For novice cannabis consumers, who know little about the cannabis industry, much less the science or politics behind it, there is a great deal of confusion about the difference between hemp oil and hemp seed oil.
Technically, if not scientifically, this is a policy as well as consumer issue in Europe that is now finding its way into all sorts of discussions, from what is available in stores and how it is labeled to how municipalities and states are defining policies about the product.
However, the issue is also front and center in the B2B (business of the industry itself), and for several reasons. Starting with the fact that not every hemp producer is legit, and far from most are certified in ways that make it easy to cross the border with the product.
This is as true of the medical as it is of the “lifestyle” CBD market right now, although it is causing havoc in the non-medical side of the equation. However, the issue affects everyone.
Here is a brief overview of the issues at stake.
What Is Hemp Oil vs. Hemp Seed Oil?
Oils, tinctures, and other extracts from the cannabis plant are generally extracted in two ways.
The first is by adding alcohol (like ethanol), CO2 extraction, by using butane to extract vital oils from the plant or in the case of hash, literally pressing the biomass under great pressure.
The second way (generally speaking) is literally by cold pressing the seeds themselves.
Both kinds of extractions are technically “legal” everywhere cannabis has started to become normalized. However, thanks to regulations in the European Union, this has started to become a major issue, particularly in the budding recreational cannabidiol (CBD) space.
Because according to EU regulation, the only consumer hemp oil and extracts that are currently “allowed” (albeit from non-binding EU language) are those extracted from hemp seeds. This, in turn, is starting to have a downstream impact on more local regulations. For example, the City of Cologne has just banned all hemp extracts that are not pressed from hemp seeds based on these regulations.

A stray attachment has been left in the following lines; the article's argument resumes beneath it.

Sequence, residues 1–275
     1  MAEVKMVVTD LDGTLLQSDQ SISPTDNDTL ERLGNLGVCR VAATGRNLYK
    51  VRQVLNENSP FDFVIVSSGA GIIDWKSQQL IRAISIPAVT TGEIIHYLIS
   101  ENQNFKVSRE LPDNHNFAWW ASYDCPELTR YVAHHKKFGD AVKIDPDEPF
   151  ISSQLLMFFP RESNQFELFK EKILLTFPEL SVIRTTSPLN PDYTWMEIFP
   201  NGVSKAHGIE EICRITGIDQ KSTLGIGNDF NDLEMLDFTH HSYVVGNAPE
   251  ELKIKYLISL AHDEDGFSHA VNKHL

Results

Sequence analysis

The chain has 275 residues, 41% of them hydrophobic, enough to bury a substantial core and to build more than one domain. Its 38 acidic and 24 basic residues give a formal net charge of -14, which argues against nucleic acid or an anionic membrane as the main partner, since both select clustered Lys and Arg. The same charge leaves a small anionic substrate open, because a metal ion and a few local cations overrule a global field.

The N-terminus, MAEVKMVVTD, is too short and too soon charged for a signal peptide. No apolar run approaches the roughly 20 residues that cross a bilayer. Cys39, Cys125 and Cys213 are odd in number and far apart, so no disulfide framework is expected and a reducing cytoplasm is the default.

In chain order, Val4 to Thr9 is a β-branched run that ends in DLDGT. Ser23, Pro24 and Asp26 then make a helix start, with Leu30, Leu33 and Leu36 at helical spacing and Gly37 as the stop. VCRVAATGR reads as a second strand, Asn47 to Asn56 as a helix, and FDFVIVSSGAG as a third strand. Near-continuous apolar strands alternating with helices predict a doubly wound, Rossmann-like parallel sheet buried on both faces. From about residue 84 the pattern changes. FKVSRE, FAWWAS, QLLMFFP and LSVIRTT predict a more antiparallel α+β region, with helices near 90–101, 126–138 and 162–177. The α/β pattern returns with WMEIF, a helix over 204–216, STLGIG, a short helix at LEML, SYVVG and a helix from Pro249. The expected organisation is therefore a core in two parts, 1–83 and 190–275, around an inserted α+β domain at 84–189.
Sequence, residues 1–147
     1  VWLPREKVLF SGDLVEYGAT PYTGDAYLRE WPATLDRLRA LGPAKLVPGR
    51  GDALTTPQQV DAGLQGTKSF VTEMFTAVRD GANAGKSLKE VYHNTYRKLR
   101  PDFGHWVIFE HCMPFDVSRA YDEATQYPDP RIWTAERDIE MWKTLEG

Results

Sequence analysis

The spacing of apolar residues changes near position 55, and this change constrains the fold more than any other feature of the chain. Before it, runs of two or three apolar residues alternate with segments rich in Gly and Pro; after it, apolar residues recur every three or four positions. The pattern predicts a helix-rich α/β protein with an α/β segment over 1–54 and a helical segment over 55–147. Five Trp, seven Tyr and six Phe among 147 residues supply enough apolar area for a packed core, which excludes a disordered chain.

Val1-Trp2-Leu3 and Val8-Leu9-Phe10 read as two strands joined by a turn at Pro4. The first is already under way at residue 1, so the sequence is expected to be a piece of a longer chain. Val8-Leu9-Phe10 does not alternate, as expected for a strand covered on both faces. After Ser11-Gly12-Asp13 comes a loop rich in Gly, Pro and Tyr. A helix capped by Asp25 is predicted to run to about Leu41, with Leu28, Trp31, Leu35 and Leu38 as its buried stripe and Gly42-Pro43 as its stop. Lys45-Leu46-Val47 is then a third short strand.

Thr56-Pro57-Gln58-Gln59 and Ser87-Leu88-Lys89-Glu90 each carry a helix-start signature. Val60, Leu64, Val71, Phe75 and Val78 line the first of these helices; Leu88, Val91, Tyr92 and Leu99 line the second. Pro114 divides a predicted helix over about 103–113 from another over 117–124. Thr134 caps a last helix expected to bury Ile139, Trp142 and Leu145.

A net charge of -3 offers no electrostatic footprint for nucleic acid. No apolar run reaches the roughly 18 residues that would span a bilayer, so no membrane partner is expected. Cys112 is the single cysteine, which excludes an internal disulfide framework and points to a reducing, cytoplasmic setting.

It is also absolutely ridiculous in a market where producers with GMP (medical certifications) are producing products, including “hemp oil” from the whole plant. And for all the difficulty the authorities have in differentiating between flowers when it comes to oils and extracts, the problem is just as big, if not a little more fundamental in the world of intra-European exports.
While the current contretemps over Novel Food regulation in Europe over CBD at present feels a bit ridiculous to (particularly North American) companies if not consumers, there are reasons for this debate and regulatory confusion, although it is highly likely that this will also change as the entire market becomes more normalized.
Novel Food Regulations
According to EU regulations, “Novel foods” are consumables from either plant or animal origins that have not been consumed regularly since 1997 in any country in the EU. The idea that this would even apply to cannabis, let alone hemp, is ludicrous. Cannabis, in all its forms, has been widely consumed across Europe since it was introduced by the nomadic Scythian tribe two millennia ago.
However, this is not all “outrageous” bureaucracy. Novel food legislation also applies to the ways food is processed. Some kinds of extraction, particularly when unregulated, are not only highly dangerous but potentially toxic to consumers. When extracts are not performed correctly, consumers can ingest the chemicals used in the extraction process that is not correctly removed from the final product.
In sum, this means that some of the more outrageous practices seen in the United States, if not accidents along the extraction process, are almost unknown in Europe. So far, no butane extraction explosions or fires have been reported here.
However, the current EU position on the topic is an overreach that is strangling the nascent industry.
Where does the balance lie?
That is a question now at the forefront of regulatory wrangling across Europe and the Brexiting UK (which is more or less still following Europe on the cannabis front rather than the U.S.).
Bottom line? It is going to be confusing for a long time to come.
The Cannabis Ecosystem Will Need More Time & Education
Learning on the fly, if not adapting to it, has become the one unchanging rule of the industry, including in Europe. What all of this confusion means on a high level is that:
- Producers need to understand how to make themselves flexible in a highly fraught market.
- Manufacturers will need to be able to produce small batch runs for the needs of a highly diverse European market.
- Consumers will need to become better educated – a problem that is massive just about everywhere (see this fascinating new consumer behavior report about CBD in the U.S.) It is only as true in Europe, although Amazon plays less of a role
- Price and supply chain reliability and efficiency, as well as consumer protection issues, are going to define and drive the conversation everywhere, but especially Europe.
Recreational reform, now on the drawing board in at least four European countries (Luxembourg, Switzerland, Denmark, and Holland), will also make a difference.
However, for now, not all cannabis, let alone CBD products are created equal. And hemp seed oil is one of the most exciting plays in a market where the seas are still highly volatile, if not still in the midst of tempest season.